Slovakia will be the last Visegrad country to hold the rotating Presidency, so it could build on partners' experiences, both positive and negative. Slovakia will hold elections just before taking over the presidency; similar situation was in other Visegrad countries: Hungary had elections shortly before getting on the EU's helm, the Czech Republic changed government in the middle of its term, and Poland had elections during the Presidency. Is it possible to shield the Presidency role from these internal political developments?
This depends on how extensive the change might be. If you imagine that the Law and Justice party would win the Polish elections that would be a complete change of priorities in the foreign and security policy. And that could be quite disruptive. In the end of the day, much of presidency is run by the administration, and those people will not change.
They have been trained and they will stay there. But those people rightly say "we need politicians on our side, we need them to go to Brussels, to chair Councils they need to chair". And there you need to make sure that there will be continuity, no sudden changes in priorities, as in the EU everything needs to be discussed beforehand.
Crisis in the eurozone had an effect of strengthening the differences between countries that wish and could integrate more, and those staying on the periphery. These tendencies grew up to a point of discussing permanent centre-periphery architecture. How this might affect the role of the Presidency?
As I said before: it's always a plus if you are the member of eurozone because you are at the table where the decisions are made. Poland was against this two-tier Europe. But the real danger would be if you'd have some enhanced cooperation, which would at some point say "we cannot let anybody else in." But still it is open.
Do you think we still need a rotating Presidency? What added value does it bring to the EU?
You've asked about the benefits for the EU, but I will rather talk about benefits for the countries that are holding the Presidency. It has been proved, and there is a lot of academic research on that point that the Presidency acts as a sort of Europeanising factor, it helps to engage public in debates. And a debate means more democracy. In this respect, the Presidency has internal significance.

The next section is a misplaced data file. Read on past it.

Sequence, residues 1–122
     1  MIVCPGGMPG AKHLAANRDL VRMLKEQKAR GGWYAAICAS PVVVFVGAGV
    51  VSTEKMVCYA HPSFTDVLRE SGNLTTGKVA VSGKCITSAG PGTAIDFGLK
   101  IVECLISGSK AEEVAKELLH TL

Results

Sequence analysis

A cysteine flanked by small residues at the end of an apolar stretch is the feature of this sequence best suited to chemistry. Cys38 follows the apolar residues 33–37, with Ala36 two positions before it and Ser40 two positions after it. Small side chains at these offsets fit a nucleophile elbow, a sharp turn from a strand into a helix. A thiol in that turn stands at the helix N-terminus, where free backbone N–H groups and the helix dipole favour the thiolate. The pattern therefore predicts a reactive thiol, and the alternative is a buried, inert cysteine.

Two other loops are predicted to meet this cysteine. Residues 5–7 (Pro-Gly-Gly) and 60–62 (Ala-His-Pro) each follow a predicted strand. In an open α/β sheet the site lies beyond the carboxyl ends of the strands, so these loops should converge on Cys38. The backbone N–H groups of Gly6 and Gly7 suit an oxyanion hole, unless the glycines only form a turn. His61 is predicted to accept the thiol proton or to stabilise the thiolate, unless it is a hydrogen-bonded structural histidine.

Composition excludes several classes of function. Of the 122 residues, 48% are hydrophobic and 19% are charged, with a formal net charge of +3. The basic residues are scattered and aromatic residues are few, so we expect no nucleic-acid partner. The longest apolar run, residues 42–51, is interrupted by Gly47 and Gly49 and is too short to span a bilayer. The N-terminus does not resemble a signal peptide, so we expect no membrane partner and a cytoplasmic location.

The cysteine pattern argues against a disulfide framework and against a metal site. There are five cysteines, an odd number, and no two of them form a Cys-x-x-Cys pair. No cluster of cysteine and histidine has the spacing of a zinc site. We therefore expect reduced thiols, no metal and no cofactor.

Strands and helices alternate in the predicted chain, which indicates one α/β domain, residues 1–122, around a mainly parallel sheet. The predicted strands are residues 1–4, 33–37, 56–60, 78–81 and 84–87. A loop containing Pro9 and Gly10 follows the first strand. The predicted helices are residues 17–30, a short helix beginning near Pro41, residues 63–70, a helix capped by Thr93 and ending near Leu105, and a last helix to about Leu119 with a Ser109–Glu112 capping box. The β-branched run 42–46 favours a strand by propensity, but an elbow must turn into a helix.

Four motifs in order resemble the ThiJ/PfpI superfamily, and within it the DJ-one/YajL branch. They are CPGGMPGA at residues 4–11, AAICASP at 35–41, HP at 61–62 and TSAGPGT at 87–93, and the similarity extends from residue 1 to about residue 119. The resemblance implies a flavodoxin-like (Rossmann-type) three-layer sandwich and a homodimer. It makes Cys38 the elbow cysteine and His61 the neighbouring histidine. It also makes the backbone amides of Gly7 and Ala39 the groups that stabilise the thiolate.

Talking about the Polish experience, did it change the public perception of the EU?
Possibly even more could have been done, but there were elections, other priorities appeared… Still public opinion polls at the end of the Presidency showed that 63% of Poles thought that the international image of Poland improved. On the other hand, 53% thought that Poland did not achieve much, but this is to large extent caused by misunderstanding of what you consider a good Presidency – that you cannot force your opinions or priorities on others.
And 77% of people said that the Presidency did not matter and that it's big countries that decide. But again we have to bear in mind that it was in the height of the crisis, when the big players were meeting separately, and involved other only at the end of the process so people were disappointed that Poland was side-lined.
Maybe it's important to manage expectations of your own public…
Exactly, managing expectations is very important. It's better to be modest, and perform well in your limited ambitions than to be too ambitions and became disappointed because you have not achieved something from objective reasons.
And the last hypothetical question: Do you think Poland will have another opportunity to hold the rotating Presidency, or will some future Treaty change abolish it?
I hope it will. And I think it should. Because we are not a super-state and the rotating Presidency increases democratic character, it has good effects, so it's good if member states have an opportunity to bring this “special contribution” and to get more involved.